His deep love for China and for Soong Ching Ling has compelled Israel Epstein to travel to countless places both inside and outside China, gathering and endorsing material, as well as visiting and talking with kindred spirits.


Authenticity is always his number one priority, all facts mentioned in this book were verified. "There will not be found in these pages any quotation marks around words by Soong Ching Ling which she did not actually say or write, or which were not put down by the hearers." If any issue arises that cannot be confirmed, he would rather omit it than fabricate something out of mere conjecture. Epstein's own interpretations, at times unavoidable, are identified as such. This strict adherence to known fact stems from his fidelity and respect for Soong Ching Ling.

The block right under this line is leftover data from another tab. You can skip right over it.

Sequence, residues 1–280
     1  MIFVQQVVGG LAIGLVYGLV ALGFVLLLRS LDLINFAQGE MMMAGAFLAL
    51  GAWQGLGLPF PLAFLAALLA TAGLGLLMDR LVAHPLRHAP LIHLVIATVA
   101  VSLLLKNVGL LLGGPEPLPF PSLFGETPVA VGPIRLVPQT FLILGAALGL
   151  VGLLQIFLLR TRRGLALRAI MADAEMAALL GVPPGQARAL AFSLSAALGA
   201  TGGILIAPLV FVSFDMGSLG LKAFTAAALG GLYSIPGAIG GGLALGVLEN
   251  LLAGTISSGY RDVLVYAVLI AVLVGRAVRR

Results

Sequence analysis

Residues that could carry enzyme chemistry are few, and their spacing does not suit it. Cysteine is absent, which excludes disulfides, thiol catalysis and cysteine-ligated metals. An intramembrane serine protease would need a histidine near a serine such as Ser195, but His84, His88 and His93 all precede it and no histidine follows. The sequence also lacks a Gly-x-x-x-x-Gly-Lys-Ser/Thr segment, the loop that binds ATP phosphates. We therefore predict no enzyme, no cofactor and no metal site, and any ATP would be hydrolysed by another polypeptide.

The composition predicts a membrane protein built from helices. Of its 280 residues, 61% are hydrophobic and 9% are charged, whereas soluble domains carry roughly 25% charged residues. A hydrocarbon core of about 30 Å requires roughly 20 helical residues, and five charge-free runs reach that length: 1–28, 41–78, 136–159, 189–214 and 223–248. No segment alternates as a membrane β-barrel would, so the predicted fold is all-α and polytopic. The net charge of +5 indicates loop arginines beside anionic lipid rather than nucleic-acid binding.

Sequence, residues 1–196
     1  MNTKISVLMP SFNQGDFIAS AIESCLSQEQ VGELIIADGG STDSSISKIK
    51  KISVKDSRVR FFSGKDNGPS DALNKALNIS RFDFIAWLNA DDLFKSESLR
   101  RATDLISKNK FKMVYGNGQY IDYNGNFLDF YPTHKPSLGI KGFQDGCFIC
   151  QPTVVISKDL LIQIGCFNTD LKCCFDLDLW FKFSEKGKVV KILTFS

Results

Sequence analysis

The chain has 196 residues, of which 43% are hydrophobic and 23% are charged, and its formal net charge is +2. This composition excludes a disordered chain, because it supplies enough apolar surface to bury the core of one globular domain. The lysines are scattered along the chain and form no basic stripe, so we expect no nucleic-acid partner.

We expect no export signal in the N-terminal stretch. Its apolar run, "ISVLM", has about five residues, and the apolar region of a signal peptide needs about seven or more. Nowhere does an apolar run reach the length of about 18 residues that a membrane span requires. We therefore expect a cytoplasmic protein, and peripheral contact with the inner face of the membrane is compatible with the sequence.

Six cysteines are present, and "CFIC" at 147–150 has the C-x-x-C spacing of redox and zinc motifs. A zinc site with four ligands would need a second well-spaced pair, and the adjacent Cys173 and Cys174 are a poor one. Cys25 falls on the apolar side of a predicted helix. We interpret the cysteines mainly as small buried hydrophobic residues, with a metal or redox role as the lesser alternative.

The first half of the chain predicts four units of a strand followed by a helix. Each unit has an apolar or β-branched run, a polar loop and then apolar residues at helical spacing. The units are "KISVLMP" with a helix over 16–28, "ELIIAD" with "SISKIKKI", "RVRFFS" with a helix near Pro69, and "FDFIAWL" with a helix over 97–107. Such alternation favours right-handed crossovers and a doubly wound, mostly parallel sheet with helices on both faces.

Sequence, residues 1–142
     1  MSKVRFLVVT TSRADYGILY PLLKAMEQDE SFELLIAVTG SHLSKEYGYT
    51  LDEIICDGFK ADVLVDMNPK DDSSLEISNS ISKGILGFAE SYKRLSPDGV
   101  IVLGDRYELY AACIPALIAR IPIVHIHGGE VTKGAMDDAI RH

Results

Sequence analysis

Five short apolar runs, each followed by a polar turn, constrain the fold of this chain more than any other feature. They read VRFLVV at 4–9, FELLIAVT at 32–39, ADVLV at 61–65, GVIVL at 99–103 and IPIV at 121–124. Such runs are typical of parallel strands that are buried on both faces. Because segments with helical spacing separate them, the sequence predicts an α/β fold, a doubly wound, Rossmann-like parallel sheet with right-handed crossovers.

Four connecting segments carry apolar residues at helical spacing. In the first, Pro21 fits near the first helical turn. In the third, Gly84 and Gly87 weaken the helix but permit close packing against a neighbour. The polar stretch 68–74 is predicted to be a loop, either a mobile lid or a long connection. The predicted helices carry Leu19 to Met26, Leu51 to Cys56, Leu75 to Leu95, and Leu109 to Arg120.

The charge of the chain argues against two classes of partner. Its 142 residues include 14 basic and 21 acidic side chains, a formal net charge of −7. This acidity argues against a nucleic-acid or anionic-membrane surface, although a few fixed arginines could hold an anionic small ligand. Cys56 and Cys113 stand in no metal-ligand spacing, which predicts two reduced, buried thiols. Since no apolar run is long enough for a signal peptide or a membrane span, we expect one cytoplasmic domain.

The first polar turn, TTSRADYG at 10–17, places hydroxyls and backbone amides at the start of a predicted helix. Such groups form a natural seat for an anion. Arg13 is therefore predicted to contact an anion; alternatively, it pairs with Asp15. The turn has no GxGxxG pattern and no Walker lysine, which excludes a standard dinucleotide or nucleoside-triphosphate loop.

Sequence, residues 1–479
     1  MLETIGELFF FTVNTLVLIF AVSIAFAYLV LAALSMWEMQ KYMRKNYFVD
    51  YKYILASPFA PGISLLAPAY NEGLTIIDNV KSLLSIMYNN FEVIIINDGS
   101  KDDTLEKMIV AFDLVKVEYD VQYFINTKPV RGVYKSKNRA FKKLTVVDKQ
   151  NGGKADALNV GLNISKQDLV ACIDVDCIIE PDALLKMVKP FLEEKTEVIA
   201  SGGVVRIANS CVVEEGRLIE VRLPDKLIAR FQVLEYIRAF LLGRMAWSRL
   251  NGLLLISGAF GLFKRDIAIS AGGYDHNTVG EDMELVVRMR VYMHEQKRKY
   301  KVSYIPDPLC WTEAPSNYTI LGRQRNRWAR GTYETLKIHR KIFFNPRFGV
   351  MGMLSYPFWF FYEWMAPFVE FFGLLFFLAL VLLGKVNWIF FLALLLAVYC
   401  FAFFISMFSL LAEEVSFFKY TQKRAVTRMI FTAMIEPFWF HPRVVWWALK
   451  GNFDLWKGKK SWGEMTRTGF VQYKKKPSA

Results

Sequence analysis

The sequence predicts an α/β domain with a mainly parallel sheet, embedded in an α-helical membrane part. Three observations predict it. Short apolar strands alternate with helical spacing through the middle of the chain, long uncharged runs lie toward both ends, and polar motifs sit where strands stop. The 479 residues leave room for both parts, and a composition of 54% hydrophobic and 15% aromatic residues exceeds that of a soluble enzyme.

There is, for example, a lack of firsthand material regarding the second occasion on which Soong Ching Ling lived in exile in Germany, and on the role she played in the Xi'an Incident, which appears as something of a flaw in this biography. Instead of prevaricating, he omitted accounts of these two instances, giving explanations, thus making the whole work more convincing.


He gives a vivid portrayal of Soong Ching Ling, this beautiful, elegant, and distinctive woman, through details of her daily life. One such instance was an occasion when Soong Ching Ling invited George Hatem, her good friend, to her home for a meal, and on seeing his faded red tie, said, "It seems I ought to give you a new one." When George Hatem answered, "I wear it because it is a gift from you," Soong Ching Ling smiled, saying "Then I shall definitely give you a new one."


As he writes in his preface, "The aim of this biography is to have the reader meet her face to face."


It can be said that Epstein's biography of Soong Ching Ling has set an example for us.


(China Today January 2002)